Take Komorebi Collective DAO for example, which was founded by a group of women in the blockchain space, focusing on making exclusive investments in female and non-binary crypto founders.
Pivoting our attention to traditional tech and venture capital space, it was found that women-led start-ups received a measly 2.3% of venture funding. This is despite the fact that companies consisting of at least one female founder performed 63% better, as compared to investments in companies with all-male founders. Founding member of Komorebi, Manasi Vora, alongside other core team members, are aiming to tackle the above issue by allocating investments specifically to female founders.
The crypto space still comprises largely males, and twice as many men as women invest in cryptocurrency, according to a recent survey by CNBC and Acorn. With Komorebi’s investment, female founders can receive funding and support from a pool specified for them, taking away the need to compete with a much larger group of competition. This significantly increases the chances for the female founders to obtain funding, and facilitate their scaling process, bringing their organisations to greater heights.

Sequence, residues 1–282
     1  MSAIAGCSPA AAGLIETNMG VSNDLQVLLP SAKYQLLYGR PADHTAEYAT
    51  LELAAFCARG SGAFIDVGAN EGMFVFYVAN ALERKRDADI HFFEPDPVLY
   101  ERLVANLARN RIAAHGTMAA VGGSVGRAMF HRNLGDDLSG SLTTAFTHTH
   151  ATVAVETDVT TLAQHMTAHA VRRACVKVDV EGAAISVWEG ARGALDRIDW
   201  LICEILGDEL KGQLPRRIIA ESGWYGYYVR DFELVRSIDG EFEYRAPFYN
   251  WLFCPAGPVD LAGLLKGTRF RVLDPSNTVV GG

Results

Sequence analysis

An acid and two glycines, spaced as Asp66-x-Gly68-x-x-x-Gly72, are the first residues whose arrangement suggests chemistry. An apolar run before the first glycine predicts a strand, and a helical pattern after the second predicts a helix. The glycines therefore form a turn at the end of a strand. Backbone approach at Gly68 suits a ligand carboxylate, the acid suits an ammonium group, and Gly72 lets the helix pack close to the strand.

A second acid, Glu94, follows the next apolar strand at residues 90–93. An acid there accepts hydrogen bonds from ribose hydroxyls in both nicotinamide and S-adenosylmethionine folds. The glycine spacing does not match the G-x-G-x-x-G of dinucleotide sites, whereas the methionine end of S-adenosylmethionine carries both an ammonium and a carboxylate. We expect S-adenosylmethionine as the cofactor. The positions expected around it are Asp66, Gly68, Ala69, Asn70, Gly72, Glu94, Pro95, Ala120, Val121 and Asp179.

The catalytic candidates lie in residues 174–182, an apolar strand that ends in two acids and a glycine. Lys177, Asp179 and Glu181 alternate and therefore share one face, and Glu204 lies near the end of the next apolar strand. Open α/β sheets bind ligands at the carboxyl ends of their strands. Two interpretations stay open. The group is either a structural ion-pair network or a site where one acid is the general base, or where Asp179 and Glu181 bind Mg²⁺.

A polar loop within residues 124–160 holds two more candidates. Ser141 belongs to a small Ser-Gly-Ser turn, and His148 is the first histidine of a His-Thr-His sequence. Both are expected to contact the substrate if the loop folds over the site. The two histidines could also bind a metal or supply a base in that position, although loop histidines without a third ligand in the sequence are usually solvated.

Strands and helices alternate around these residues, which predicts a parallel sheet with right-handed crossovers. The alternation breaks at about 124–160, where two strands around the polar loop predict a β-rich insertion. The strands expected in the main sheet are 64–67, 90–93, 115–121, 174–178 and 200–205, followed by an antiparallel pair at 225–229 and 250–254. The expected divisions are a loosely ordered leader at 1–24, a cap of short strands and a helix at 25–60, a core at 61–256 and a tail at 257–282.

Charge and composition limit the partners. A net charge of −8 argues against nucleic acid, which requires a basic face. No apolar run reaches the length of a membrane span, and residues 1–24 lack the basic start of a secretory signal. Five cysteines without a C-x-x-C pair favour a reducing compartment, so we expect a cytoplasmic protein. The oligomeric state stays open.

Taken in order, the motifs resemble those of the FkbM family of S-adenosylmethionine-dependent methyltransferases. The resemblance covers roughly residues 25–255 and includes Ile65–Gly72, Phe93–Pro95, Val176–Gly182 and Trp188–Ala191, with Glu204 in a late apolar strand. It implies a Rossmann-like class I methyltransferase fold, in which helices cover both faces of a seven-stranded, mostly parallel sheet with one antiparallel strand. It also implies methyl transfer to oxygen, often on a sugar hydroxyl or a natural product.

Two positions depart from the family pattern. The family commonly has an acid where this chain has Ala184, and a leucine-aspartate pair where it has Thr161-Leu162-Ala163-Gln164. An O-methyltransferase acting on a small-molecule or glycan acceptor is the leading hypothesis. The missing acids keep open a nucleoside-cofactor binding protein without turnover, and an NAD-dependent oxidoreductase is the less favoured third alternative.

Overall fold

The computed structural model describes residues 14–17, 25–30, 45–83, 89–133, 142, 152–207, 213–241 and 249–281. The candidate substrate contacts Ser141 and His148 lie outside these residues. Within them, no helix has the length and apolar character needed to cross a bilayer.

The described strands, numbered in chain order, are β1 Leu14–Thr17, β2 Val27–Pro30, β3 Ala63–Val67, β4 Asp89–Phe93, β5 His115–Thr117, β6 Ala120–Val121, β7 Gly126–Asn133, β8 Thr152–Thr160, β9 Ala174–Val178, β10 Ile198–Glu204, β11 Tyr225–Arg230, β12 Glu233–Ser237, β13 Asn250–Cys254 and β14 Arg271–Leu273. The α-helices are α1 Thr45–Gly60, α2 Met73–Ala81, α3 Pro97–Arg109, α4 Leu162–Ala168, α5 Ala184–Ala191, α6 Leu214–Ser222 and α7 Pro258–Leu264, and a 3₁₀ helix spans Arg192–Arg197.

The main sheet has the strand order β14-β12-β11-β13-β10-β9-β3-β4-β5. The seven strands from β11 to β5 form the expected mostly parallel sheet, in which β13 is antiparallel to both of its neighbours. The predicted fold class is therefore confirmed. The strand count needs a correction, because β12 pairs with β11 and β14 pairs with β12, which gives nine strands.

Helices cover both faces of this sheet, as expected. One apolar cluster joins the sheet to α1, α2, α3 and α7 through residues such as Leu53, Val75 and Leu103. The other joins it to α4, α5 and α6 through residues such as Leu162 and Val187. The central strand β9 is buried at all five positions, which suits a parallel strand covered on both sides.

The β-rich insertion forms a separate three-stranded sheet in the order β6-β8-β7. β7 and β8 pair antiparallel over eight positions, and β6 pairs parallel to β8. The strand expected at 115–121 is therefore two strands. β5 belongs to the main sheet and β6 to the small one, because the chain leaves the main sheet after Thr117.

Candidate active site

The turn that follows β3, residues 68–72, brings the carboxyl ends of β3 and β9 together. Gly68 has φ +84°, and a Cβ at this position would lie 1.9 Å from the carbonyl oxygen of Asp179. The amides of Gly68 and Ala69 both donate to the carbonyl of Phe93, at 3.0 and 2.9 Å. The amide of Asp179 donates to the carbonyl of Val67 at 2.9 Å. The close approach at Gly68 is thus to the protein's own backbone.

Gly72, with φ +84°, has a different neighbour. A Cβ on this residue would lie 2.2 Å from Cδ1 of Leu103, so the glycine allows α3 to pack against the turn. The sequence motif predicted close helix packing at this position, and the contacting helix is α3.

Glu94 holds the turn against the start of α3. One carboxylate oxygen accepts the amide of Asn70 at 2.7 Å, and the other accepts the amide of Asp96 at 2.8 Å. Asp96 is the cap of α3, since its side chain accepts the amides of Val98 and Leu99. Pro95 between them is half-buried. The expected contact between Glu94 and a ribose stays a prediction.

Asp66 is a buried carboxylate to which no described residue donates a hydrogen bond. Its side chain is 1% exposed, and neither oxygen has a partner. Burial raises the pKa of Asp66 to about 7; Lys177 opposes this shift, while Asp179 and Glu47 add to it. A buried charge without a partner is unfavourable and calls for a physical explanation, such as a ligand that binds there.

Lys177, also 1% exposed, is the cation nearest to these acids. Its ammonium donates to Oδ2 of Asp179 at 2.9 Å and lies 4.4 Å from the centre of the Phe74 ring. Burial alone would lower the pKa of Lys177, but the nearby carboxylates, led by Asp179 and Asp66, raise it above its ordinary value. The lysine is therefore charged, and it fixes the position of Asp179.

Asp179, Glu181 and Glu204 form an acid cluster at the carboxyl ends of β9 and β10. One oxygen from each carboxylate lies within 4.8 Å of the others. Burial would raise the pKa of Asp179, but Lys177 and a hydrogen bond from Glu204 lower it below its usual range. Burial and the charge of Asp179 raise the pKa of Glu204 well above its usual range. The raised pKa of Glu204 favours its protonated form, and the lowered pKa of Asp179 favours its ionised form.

Komorebi adopts a different decision-making system as compared to traditional venture capitals, where the investment decision is solely decided by the top management. With a decentralised and autonomous system, Komorebi utilises a voting system where all of their key signers will get to vote on the investment. As such, the decision making does not fall into the hands of 1 single individual, preventing any form of biasness. Instead, it promotes inclusivity by taking into account the views of all the voters.